When we can truly see and appreciate our partners’ efforts, especially when we are consciously and thoughtfully looking, we become better at communicating and thus, connecting.
4. Saying “thank you” reinforces new patterns
Breaking old communication patterns can be challenging for many couples. So can practice new ones. When one partner attempts to change and succeeds, hearing the words “thank you” can be a powerful motivator for continued change.
The next time your partner listens to your experience rather than reacts, try, “thank you for listening. I felt heard and understood, and I’m grateful to be able to share my feelings with you.”
This “thank you” can motivate your partner to continue in the new pattern. More importantly, both of you can see the substantial benefits of the communication shift, which can reinforce the trust that a new pattern can be effective and draw you closer.
Also Watch: How to Find Happiness in Your Marriage
5. Saying “thank you” empowers us
Cultivating an attitude of gratitude, as the cliché goes, can be empowering. As you foster the ability to see the gifts you have at your disposal, particularly in your partnership, it becomes easier to see what is possible. Rather than a naive Pollyanna approach, gratitude, and subsequently, saying “thank you” for what you see are the gifts in your life.
These can empower you and your partner to reach for more connection, intimacy, and closeness within and outside of the relationship.
While strangers and friends frequently utter the words “thank you,” the intentional, mindful expression of gratitude within the two words elevates their significance.
In other words, saying “thank you” helps us – not just our partners – find joy in what we have and the journey, rather than where we might feel stuck and hopeless.
Start by saying thank you
When you begin to take your partner for granted, become somewhat complacent in the relationship, or find that you have lost a sense of gratitude for your partnership, begin by taking a grateful posture. Saying “thank you” can be a powerful way of seeing your partner differently and, consequently, the laundry.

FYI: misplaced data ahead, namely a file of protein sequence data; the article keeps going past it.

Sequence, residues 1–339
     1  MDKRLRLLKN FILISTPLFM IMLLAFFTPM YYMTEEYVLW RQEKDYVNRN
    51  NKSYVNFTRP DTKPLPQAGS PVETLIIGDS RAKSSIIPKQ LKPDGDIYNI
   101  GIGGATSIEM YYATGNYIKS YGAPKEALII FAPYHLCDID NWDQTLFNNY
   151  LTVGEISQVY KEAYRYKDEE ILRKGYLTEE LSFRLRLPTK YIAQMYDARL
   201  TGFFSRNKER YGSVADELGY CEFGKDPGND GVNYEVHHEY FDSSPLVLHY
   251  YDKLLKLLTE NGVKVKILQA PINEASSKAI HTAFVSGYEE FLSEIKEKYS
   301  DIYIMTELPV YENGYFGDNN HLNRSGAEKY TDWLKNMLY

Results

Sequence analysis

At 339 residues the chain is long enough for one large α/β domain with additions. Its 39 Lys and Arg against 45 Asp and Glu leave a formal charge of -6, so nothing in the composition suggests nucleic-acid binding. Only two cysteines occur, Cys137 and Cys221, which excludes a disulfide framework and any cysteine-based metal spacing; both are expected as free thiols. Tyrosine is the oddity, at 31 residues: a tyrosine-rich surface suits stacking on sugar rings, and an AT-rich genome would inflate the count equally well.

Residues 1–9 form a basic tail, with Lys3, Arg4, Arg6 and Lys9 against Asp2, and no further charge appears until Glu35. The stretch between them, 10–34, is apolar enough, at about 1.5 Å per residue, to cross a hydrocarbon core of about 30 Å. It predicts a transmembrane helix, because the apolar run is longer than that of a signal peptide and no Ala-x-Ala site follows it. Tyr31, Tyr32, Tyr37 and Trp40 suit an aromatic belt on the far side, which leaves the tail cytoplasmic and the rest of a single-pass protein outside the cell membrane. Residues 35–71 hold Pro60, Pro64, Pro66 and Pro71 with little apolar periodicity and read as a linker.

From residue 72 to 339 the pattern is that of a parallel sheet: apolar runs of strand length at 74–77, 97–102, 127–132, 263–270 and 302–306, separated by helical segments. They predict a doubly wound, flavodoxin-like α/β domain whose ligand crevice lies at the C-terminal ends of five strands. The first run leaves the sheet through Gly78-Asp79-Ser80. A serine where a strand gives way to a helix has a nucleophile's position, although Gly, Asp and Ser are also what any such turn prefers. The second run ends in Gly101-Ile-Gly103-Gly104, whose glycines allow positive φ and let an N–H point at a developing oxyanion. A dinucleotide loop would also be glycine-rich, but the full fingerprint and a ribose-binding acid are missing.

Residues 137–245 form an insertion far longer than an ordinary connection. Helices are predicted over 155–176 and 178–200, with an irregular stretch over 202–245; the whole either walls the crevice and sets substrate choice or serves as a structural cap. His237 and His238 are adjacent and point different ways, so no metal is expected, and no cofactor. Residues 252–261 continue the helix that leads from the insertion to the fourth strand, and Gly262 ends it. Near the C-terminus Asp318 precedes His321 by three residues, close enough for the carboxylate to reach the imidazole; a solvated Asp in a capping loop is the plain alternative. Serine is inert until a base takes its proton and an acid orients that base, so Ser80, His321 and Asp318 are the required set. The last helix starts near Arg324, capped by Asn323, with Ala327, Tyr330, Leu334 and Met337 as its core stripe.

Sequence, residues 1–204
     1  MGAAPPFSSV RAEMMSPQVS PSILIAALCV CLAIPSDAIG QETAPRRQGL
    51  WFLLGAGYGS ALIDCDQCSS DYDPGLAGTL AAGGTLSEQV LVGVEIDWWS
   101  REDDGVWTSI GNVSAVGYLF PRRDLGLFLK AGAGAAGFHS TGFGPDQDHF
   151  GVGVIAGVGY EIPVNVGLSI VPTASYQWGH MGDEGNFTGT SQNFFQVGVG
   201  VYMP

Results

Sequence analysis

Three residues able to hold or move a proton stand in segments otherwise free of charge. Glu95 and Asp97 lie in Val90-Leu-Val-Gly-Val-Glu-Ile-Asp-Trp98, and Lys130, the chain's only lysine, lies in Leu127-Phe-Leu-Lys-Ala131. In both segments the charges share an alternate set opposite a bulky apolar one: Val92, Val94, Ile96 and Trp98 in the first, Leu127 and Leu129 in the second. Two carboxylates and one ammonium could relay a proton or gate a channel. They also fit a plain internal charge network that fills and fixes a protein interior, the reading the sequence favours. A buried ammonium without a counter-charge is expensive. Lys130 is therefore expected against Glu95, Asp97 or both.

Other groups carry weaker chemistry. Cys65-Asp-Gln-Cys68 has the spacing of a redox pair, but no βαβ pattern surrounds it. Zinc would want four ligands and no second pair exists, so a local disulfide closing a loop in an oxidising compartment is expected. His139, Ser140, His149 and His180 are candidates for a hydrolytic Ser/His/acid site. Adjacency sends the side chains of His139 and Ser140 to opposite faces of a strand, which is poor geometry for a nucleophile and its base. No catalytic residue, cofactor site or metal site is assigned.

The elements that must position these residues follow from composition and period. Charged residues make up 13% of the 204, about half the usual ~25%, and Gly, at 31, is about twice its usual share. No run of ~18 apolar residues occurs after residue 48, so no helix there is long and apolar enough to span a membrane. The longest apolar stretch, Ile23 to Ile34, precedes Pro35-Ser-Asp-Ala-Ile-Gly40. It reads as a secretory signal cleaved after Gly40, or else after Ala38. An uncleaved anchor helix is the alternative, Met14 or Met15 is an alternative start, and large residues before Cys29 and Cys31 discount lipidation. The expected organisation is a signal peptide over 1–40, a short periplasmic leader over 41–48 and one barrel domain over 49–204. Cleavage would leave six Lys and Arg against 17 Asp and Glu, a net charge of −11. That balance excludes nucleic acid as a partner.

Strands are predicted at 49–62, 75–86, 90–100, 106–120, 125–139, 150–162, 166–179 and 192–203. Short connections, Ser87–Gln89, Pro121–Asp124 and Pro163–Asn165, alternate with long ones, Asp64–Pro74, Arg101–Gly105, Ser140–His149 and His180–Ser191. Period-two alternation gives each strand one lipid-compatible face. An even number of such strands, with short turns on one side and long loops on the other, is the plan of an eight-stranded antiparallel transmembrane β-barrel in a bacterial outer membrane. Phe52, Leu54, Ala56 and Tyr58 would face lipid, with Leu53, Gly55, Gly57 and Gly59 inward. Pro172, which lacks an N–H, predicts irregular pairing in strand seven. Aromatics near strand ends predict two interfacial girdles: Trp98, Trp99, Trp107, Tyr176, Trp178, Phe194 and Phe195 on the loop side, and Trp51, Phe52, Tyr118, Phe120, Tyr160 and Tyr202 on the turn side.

If you feel disconnected or frustrated about the state of your marriage but want to avoid separation and/or divorce, the marriage.com course meant for married couples is an excellent resource to help you overcome the most challenging aspects of being married.
Dr Widian Nicola is a relationship expert and Licensed Clinical Social Worker with nearly 18 years of clinical social work experience. She has worked along the continuum of care – from inpatient treatment to outpatient counseling with adolescents and adults. In addition to directing Nicola Counseling Services, LLC, Dr Nicola is an Assistant Professor of Graduate Social Work at Seton Hall University, and is Host/Producer of the podcast show, Lived Experience Project. For the past fifteen years, Dr Nicola has also been a retreat facilitator and conference presenter. Her published and media contributions have appeared on national platforms. She was also awarded the Larry DePaul Justice Education Award by the Romero Center in Camden, NJ in 2014. Dr Nicola is the founder and event director of the annual Savor and Serve fundraiser and is co-leader of the Potluck Society Steering Committee. Dr Nicola is also a clinical supervisor for those working towards clinical licensure and in her own practice, specializes in working with emerging adults and couples. She received her Doctorate in Social Work from Rutgers, the State University of New Jersey and Masters in Social Work from Eastern Washington University.